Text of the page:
Abstract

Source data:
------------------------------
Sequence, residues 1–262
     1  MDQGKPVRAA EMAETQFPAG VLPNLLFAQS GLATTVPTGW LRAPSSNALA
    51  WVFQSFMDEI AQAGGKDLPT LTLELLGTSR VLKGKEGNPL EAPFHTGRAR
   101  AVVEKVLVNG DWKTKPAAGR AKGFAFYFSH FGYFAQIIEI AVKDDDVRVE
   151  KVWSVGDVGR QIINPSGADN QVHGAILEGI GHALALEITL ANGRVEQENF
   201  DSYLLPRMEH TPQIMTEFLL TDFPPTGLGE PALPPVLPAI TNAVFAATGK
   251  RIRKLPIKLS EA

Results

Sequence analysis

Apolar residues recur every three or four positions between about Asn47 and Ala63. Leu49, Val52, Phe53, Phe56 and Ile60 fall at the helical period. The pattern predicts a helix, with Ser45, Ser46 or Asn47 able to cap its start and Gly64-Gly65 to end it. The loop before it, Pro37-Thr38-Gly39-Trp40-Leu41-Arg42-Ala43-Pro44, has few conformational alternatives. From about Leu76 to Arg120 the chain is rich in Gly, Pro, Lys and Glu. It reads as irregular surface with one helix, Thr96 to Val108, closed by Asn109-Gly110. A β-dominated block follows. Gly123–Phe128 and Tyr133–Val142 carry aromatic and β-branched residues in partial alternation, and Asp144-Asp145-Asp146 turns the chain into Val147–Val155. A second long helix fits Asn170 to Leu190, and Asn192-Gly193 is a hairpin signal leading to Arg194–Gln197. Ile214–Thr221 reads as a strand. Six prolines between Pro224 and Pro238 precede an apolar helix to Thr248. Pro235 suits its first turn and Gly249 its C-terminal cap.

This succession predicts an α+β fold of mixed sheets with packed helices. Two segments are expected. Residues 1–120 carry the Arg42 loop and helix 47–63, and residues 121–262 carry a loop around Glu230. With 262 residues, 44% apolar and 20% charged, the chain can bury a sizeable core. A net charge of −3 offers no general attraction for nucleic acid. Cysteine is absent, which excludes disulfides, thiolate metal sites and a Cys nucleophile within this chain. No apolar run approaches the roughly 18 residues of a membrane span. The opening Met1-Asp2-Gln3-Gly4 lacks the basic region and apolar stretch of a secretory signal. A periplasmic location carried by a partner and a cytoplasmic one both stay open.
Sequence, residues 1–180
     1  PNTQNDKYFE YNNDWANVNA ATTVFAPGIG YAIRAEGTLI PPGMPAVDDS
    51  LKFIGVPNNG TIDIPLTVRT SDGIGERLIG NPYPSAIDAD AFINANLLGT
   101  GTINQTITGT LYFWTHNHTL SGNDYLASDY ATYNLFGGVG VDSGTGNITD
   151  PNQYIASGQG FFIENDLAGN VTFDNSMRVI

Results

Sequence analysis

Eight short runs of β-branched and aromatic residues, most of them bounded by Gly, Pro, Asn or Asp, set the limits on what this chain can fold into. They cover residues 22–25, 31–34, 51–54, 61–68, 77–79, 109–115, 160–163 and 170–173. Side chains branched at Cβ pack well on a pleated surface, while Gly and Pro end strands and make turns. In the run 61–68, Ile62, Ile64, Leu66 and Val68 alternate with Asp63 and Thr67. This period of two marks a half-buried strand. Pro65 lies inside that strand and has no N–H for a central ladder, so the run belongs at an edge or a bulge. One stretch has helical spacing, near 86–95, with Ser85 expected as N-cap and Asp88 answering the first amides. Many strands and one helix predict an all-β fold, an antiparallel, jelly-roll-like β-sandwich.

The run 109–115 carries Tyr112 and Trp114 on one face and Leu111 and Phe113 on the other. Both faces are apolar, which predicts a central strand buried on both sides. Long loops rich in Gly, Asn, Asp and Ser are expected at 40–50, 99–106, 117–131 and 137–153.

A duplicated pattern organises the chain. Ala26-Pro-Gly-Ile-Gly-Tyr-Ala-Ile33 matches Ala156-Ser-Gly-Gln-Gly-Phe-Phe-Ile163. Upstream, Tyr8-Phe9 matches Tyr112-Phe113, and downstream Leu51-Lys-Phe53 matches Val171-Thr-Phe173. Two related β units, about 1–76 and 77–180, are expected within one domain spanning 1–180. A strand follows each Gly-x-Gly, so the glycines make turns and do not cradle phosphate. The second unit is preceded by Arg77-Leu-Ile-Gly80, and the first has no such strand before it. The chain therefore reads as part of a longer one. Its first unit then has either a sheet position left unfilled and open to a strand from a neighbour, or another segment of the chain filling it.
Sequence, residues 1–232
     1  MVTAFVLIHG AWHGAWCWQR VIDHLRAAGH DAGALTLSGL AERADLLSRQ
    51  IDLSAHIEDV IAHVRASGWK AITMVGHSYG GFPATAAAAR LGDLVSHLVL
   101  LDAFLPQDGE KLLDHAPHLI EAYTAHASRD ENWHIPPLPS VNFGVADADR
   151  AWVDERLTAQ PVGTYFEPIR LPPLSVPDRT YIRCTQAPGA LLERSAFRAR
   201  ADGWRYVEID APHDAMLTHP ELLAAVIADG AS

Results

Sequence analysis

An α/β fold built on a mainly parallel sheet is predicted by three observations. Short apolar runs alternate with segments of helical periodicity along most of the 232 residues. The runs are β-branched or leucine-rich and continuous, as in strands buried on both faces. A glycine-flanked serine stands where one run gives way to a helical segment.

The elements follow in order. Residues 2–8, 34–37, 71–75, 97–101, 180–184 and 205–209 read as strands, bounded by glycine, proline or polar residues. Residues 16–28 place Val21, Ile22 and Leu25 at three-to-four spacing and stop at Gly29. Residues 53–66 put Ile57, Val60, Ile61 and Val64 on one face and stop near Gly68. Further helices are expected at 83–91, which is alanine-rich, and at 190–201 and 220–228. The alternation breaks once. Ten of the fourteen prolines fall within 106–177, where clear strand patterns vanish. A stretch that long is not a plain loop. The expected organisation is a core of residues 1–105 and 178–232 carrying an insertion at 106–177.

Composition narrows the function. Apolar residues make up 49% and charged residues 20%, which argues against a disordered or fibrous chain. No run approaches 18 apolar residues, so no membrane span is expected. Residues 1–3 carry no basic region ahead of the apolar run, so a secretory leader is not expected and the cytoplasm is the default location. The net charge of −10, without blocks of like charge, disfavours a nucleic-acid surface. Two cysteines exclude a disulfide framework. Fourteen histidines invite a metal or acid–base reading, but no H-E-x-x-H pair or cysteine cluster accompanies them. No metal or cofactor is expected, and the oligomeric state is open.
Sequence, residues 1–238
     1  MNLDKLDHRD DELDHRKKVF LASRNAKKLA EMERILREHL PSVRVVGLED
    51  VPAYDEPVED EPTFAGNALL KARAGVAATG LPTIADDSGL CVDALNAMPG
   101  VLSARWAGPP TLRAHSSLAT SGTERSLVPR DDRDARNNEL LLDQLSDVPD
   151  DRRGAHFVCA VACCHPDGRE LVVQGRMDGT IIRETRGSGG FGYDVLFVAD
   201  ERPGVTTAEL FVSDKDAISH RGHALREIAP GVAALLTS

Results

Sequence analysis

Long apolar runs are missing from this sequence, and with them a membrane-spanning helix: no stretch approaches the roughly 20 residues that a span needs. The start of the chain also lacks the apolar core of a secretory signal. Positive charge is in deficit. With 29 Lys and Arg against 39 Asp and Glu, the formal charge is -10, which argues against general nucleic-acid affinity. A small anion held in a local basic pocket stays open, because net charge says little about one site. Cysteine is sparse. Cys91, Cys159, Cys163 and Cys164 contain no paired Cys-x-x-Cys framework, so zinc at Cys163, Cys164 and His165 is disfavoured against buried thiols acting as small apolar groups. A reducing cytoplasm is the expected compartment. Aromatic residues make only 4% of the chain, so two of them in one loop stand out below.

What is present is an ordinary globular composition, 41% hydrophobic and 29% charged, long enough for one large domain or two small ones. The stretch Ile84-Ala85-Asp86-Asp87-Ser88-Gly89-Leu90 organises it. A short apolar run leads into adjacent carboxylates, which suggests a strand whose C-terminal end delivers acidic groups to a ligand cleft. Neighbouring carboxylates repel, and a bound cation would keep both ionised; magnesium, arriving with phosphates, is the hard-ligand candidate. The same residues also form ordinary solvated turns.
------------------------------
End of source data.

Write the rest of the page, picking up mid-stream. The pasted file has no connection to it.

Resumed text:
We suggest that the magnitude of the early-late Oligocene eustatic fall, as predicted from sequence stratigraphy, has been overestimated because of flexural rebound along margins that was induced by late Eocene to early Oligocene erosional unloading. The unloading of sediments from a continental margin during periods of deep-sea erosion and slope retreat will be accompanied by some form of flexural rebound. The magnitude and form of this rebound are controlled by (1) the amount of sediment removed from the margin and (2) the strength of the lithosphere at the time of sediment removal. Along margins with narrow continental shelves, this rebound will induce a relative sea-level fall resulting in a basinward shift in the shoreline, and the predicted systems tracts will be similar to those expected for a eustatic fall. In contrast, rebound along wide continental shelves will not alter the position of the shoreline, even though a relative sea-level fall may be recorded across the outer shelf. Deep-sea drilling and seismic reflection data from many margins support the interpretation of a late Eocene to early Oligocene (∼38-34 Ma) deep-sea erosional event best developed along the continental slope and rise. Seismic reflection and drilling data also document a prominent canyon-cutting event across the shelf during the early-late Oligocene (∼32-29 Ma). This event has been interpreted in terms of a large eustatic fall (>150 m). Nevertheless, there appears to be a correlation between late Eocene to early Oligocene deep-sea erosion and the development, or at least enhancement, of unconformities across the shelf during the early-late Oligocene.

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